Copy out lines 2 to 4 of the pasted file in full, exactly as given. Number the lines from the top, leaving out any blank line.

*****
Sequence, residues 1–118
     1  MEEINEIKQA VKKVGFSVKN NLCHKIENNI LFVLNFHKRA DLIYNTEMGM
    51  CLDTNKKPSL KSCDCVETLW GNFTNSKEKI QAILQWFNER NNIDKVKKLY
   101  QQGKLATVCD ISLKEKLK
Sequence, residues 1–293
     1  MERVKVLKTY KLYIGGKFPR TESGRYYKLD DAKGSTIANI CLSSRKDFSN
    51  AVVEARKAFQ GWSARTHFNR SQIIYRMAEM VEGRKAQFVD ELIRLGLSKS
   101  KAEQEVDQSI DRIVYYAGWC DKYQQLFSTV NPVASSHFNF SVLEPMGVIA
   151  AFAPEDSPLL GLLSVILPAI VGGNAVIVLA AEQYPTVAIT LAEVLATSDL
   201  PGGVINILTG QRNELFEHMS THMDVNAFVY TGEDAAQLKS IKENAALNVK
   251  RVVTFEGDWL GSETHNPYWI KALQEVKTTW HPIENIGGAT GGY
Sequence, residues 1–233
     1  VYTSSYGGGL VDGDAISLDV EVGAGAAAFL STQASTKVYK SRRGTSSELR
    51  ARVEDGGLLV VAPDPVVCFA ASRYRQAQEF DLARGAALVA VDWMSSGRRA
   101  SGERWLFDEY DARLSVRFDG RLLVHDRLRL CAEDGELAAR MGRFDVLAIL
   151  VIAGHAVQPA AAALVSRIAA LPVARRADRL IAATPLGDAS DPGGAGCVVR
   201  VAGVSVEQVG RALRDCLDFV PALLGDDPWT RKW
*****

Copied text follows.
     1  MEEINEIKQA VKKVGFSVKN NLCHKIENNI LFVLNFHKRA DLIYNTEMGM
    51  CLDTNKKPSL KSCDCVETLW GNFTNSKEKI QAILQWFNER NNIDKVKKLY
   101  QQGKLATVCD ISLKEKLK